British Prime Minister Rishi Sunak has said he was “sad” to read a damning report that claimed racism and sexism are rife within English cricket.
The publication of the Independent Commission report into Equity in Cricket came in the wake of a racism scandal centred around the treatment of Pakistan-born bowler Azeem Rafiq at English side Yorkshire.
Rafiq went public with allegations of racism and bullying in 2020, prompting the England and Wales Cricket Board to commission the report.
Six former Yorkshire players found guilty of using racist language in the Rafiq case were last month fined by the Cricket Discipline Commission.
Of the more than 4,000 individuals interviewed for the ICEC report, 50 percent described experiencing discrimination in the previous five years, with the figures substantially higher for people from ethnically diverse communities.
Women were often treated as “second-class citizens”, the report found, also stating that not enough had been done to address class barriers, with private schools dominating the pathway into cricket.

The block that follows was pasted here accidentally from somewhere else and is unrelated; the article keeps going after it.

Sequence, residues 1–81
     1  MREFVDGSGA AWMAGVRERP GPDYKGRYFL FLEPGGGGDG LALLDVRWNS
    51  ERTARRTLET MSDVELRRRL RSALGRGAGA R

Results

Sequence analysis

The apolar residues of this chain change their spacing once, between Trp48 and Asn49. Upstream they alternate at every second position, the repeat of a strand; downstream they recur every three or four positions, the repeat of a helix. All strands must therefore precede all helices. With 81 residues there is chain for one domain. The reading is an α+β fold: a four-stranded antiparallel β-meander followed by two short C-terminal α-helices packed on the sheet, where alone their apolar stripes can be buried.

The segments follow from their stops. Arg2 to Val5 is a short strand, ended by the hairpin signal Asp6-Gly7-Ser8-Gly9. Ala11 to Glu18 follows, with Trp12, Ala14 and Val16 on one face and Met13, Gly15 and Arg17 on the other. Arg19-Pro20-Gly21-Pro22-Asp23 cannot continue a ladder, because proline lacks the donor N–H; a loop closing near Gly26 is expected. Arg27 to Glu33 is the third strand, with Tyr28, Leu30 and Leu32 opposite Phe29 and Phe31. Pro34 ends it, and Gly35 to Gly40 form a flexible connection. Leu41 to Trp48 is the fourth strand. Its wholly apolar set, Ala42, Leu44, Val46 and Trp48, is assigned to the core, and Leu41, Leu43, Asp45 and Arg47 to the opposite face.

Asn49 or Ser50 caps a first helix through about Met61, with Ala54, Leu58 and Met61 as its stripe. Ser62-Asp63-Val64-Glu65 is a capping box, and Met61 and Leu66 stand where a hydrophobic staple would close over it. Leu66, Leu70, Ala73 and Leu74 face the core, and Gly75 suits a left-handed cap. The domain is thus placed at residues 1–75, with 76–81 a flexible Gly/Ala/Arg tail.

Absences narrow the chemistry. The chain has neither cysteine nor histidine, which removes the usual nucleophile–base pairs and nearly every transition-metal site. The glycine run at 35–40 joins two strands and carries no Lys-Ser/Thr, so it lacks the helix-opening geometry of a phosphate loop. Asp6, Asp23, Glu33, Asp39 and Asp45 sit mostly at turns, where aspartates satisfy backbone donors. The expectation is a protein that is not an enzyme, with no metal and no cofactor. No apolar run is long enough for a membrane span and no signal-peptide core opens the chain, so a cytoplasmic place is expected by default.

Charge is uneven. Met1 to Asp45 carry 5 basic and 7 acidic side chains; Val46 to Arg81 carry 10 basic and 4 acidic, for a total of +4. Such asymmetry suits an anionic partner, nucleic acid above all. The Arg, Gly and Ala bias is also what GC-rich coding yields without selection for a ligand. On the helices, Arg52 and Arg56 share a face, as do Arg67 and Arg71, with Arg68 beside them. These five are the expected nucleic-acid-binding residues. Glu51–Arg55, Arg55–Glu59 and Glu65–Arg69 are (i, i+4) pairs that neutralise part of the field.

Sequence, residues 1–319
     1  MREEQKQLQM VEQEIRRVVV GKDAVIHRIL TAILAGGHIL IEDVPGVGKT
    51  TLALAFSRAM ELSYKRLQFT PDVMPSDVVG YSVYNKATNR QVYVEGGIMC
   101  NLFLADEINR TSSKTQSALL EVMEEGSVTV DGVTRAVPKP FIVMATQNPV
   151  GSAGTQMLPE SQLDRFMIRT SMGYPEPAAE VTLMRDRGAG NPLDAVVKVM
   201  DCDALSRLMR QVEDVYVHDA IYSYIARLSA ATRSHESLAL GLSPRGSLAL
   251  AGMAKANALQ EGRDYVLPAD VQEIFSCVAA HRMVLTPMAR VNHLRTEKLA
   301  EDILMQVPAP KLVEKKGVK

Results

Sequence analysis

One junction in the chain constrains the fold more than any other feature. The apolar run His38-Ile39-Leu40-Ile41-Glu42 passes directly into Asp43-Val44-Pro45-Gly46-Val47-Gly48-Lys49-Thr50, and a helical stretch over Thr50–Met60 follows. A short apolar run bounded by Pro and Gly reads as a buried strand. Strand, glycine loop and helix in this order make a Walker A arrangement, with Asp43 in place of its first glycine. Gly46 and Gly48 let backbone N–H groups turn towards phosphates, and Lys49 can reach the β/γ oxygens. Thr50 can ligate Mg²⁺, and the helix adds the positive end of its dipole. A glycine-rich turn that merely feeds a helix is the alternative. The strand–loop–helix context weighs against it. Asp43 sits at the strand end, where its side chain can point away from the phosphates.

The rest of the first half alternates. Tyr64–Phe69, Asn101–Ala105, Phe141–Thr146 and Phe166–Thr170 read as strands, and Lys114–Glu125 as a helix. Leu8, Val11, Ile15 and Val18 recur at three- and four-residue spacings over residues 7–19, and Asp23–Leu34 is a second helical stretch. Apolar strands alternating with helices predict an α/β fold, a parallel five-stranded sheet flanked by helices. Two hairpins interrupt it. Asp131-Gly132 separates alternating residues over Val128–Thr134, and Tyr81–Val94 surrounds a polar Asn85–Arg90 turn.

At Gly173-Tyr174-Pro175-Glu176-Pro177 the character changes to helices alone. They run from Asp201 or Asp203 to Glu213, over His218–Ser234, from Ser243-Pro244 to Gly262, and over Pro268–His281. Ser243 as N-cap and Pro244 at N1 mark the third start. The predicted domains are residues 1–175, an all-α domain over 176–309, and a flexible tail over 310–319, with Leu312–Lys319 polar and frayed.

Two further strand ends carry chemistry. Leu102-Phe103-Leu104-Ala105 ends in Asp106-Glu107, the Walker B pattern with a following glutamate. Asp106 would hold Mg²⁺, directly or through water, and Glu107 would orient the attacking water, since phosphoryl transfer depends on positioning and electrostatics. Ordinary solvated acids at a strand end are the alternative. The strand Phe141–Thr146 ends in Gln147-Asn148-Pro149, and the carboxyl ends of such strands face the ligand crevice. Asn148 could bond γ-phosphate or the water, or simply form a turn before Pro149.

Appearing on BBC Radio during the second Test between England and Australia at Lord’s on Saturday, Sunak said: “It was, for people who love cricket, really hard to read and you were just sad.”
A total of 44 recommendations were made in the report, including a call for equal pay for male and female international players by 2030.
Sunak said the ECB was “absolutely committed” to fixing the problems outlined in the report.
“I have spent a little bit of the morning talking to the team at the ECB and I think they have approached it in exactly the right way,” he said.
“They commissioned this report off their own back because they wanted to be proactive so they deserve credit for that.”
Sunak hopes the report provides cricket with a chance to reset its moral compass.
“They have offered an unreserved apology and are fully committed to implementing change and for this to be a reset moment for cricket,” he said.
“We all want it to be open for everybody from all backgrounds and where everyone can feel respect and supported when playing it.
“So that’s what we want and I’m confident the whole cricketing family share that ambition.”
Sunak, the first British Asian Prime Minister, said he had endured his own problems regarding racism, although he acknowledged the progress made on the issue in the United Kingdom.
“Of course I have experienced racism growing up, in particular, and of course I know it exists,” he said.
“It stings you in a way that very few other things do. It stings you. It does hurt.”